The devolution of power from Westminster to Scotland is more of a reaction to growing voter support of nationalist sentiment than general concern with constitutional reform. It was not until economic and political circumstances improved for the SNP that devolution became a concern of the UK Government. As Leicester explained in his 1996 article entitled Journey Without Maps:

The reaction of Labour and the Conservatives to the rise in Scottish Nationalist support during that period can be seen now less as a principle attempt to decentralize the government of the United Kingdom than as an elaborate series of tactical responses to the complex and ever-changing political calculus of relations within and between two parties.(14)
The Scottish National Party's influence, however, has not died down as a result of Labour's devolution legislation. Though most scholars speculated that devolution would kill off the demand for Scottish independence, support for the SNP has only risen. And though the SNP supported the devolution campaign, they saw devolution as a stepping stone to federalism or independent statehood. "Alex Salmond, the SNP leader, persuaded his party to accept Labour's policy of devolution by explaining that supporting the 'Yes' campaign in the Referendum of 1997 was simply a means of providing the building blocks for independence."(15) The future of Scotland, though, remains in the hands of the electorate. If the SNP--whose aim is the break-up of the political entity that is "Great Britain" and the creation of a separate Scottish state--wins control of the parliament, it is possible there will be a referendum for Scottish independence within the next ten years.

Perhaps the key to Scottish independence lies in the European Union, a European multinational organization with executive, legislative, and judicial powers. As Archie Brown theorized in his article, Asymmetrical Devolution: the Scottish Case, "membership in the European Union means that a break with England would not be absolute."(16) With Scotland's striving economy and claims to the North Sea oil, the EU may be the larger entity needed to replace the UK and give Scotland stability. "An independent Scotland would not be isolated; but would, rather, be an active member of the EU, relinquishing some of its sovereignty not to a British state but to that wider Union."(17)

A comparative analysis of the failed 1979 Referendum with the passed 1997 Referendum allows a deeper understanding of why the Scotland Act of 1998 was a success. The 1979 Referendum did not fail because it was a poor bill, but rather because the political climate and devolution package were not accommodating. By 1979 the Scottish public was bored of the five-year struggle that had become the Scottish Home Rule campaign and which had culminated in the Referendum. Although the Labour Party had officially supported devolution, both Labour and Scottish National Party members were divided on the issue, and the conservative Tory Party, despite the Declaration of Perth, was staunchly opposed to any form of devolution. Labour was deeply divided between devolutionists and unionists, while the Scottish National Party was also split between those who favored devolution and those who proposed independence from the United Kingdom. The Labour party's commitment to the devolution of powers to Scotland and Wales had merely been a reaction to nationalist movements. Also, the Labour leaders knew that Scottish independence would greatly diminish the number of Labour MPs since Scotland traditionally voted Labour. Labour had become committed to devolution in 1974 following the success of the Scottish Nationalist Party. These divisions "did not make the complex work at the official level any easier."(18)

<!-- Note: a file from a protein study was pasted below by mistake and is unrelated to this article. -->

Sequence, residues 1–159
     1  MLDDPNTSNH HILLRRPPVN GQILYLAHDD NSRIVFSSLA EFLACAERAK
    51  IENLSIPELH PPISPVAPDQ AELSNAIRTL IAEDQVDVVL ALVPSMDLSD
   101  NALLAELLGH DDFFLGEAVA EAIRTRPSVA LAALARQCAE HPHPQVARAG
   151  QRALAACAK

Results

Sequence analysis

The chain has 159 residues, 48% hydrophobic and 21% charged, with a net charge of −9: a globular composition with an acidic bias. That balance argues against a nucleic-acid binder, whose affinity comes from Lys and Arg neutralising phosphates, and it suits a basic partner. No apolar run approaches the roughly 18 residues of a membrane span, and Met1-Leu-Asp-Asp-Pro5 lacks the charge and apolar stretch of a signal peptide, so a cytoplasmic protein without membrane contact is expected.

Aside from the deep divisions within the parties, Scotland also found itself in a turbulent economic period. Although Scotland's economy had risen due to the 1970 discovery of oil in the North Sea, after a crash in oil markets in the mid-1980s the economy was again on the downturn. Scots worried about distancing themselves from the United Kingdom and their economic stability. With the European community not yet stable and the Maastricht Treaty creating a common European trade market years away, Scotland had no larger entity to support it aside from the United Kingdom.

Labour's diminishing majority in the House of Commons was another significant issue. Partly due to the failure of the Referendum of 1979, the House of Commons was forced to go to General Elections early, which brought into power a new Tory Government led by Margaret Thatcher. Thatcher was a staunch unionist and had passionately fought against the issue of Scottish devolution while in Opposition. Many scholars wonder "would the Thatcher administration really have been comfortable setting up the devolved Assembly she and her party had fought so bitterly under her leadership in Opposition?"(19) Also missing from the Referendum were the government funded umbrella groups present during the 1975 Referendum on whether or not to join the European Community. For the Scottish Referendum no umbrella groups were given government recognition and hence no government grants.

Especially significant in the 1979 Referendum's failure were the details of the devolution package presented to the House of Commons and the electorate. The 1974 Scotland Bill called for an independent Scottish assembly with a "first past the post" electoral system. It would be assigned a budget according to the so-called Barnett formula, yet limits on borrowing that would hamper its ability to raise funds were included. Other important factors missing were entrenchment legislation by the Westminster Parliament that would prevent the Assembly's future repeal and a provision specifying "shared powers" with the Westminster Parliament.